An Interview with Candidate Will Jawando

“I’m the only millennial in the race,” says Will Jawando, Democratic Primary candidate in Maryland’s 8th District, “and along with that comes student debt.”

In his campaign, Jawando has focused heavily on his personal life, arguing that his professional and personal experiences make him uniquely suited to represent the district in the House of Representatives.

“When I was twelve years old, I had a seminal moment in my life,” Jawando states “I got a scholarship to a private high school, St. John’s College High School in DC, but also lost one of my friends to gun violence, and the dichotomy of those two outcomes was a lot for me to handle.”

From that point onward Jawando has been heavily involved in the political sphere. During his time at Catholic University, he helped form a NAACP chapter, and then worked on Capitol Hill for Nancy Pelosi, Sherrod Brown and then Senator Barack Obama.

Jawando faces steep competition in what is being called one of the costliest primary races in the country. Competitors such as state senator Jamie Raskin, former news anchor Kathleen Matthews, and businessman David Trone have been putting millions of dollars into the district, all hoping to secure the coveted Democratic Party nomination.

Jawando has, however, scored some key endorsements during this primary.

“I haven’t been elected before, so the fact that someone like (Civil Rights Leader and Congressman) John Lewis, who I consider the top tier of the congress and a civil rights icon who’s been on the forefront of so many issues…the fact that he would endorse me two weeks ago, and has only endorsed two people this election cycle, Hillary Clinton and me, is a really big deal.”

Former Secretary of Education Arne Duncan, former NAACP President Ben Jealous, and Congresspeople GK Butterfield, Hank Johnson, Gregory Meeks and Robin Kelley have also endorsed Jawando.

“I think we need people in Congress now more than ever that actually know what working people are going through, but also that know how Congress works,” said Jawando, “and you know, I have both of those being an attorney, working in the House and Senate and the White House.”

Nowhere is this sentiment more echoed than in his thoughts on the issue of student debt.

“I worked on the Senate Health, Education, Pensions and Labor Committee under Senator Sherrod Brown and Obama,” says Jawando, “and student debt issues were something I worked a lot on.”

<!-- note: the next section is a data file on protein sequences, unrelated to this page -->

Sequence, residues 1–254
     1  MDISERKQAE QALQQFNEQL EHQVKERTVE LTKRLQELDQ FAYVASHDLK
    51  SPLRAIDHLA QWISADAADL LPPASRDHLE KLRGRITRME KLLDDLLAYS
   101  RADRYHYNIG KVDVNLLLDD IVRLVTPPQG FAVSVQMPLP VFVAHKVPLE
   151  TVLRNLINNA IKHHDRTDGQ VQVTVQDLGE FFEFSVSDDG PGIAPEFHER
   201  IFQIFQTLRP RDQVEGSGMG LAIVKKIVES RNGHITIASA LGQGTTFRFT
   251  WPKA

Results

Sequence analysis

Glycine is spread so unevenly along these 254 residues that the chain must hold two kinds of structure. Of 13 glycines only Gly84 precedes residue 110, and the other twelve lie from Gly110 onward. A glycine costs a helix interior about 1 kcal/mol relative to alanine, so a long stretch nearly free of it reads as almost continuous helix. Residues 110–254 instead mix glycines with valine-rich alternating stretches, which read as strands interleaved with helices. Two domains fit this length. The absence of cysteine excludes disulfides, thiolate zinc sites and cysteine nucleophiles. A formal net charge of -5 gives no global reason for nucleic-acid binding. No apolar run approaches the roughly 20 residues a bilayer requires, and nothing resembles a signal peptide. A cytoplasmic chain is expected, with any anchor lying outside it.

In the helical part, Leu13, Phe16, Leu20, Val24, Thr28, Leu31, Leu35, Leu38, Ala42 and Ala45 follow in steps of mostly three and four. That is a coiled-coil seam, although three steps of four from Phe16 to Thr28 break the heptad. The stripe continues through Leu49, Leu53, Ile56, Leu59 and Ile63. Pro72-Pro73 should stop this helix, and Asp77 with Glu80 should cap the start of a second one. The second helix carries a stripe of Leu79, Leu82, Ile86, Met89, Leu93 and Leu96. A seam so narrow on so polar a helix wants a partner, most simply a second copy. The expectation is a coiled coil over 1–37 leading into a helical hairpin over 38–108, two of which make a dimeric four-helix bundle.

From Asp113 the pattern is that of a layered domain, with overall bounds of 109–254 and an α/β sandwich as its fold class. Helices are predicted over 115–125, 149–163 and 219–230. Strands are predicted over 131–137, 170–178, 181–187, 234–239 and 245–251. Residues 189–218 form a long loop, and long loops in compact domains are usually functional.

Jawando supports both President Obama’s plans for free community college and a more Bernie Sanders-esque plan for free public, state colleges. He also supports more robust student debt refinancing plans that can help students and former students pay off their debts more affordably.

However, Jawando also sees the need for more pragmatic negotiation with private institutions, in order to help stem the flow of tuition increases.

“We need to incentivize these institutions to lower their tuition,” says Jawando, “because you won’t be able to just raise loans and Pell Grants and get to the whole problem. I think we need to create incentives for institutions of higher educations, like McDaniel and like others, to actually find ways to lower their costs.”

As for the issues of campaign finance reform, which have heavily impacted both this race and the ongoing presidential race, Jawando stands fairly firmly in the progressive camp.

Citizens United is one of the worst Supreme Court decisions we’ve seen,” said Jawando, “because money is not speech, and corporations are not people.”

As opposed to the Super-PAC, Citizens United model, Jawando is a proponent of a public funding based model for campaigns. He feels that whether money to fund campaigns is coming from PACs or self-funding, as his opponent David Trone has been engaging in, it has a corrosive impact on politics.

“Money in politics and gerrymandering are the two most corrosive forces in politics today,” said Jawando, pivoting to the issue of partisan gerrymandering, “I’m very disappointed in the way our state has gerrymandered in the past several years, and you know, two of the folks in my race voted for that gerrymandering map, Senator Raskin and Delegate Barve.”

He notes that not only does gerrymandering hurt the political process and competition, but that it dilutes the political power and efficacy of communities of color.

In the end, Jawando has no delusions that he is not facing a tough primary, and is going up against some powerful opponents. However, he feels that his policies, his experience, and his collection of powerful endorsements will help him succeed.

With the primary elections quickly coming up on April 26, it remains to be seen which of many candidates will snag the Democratic Party nomination.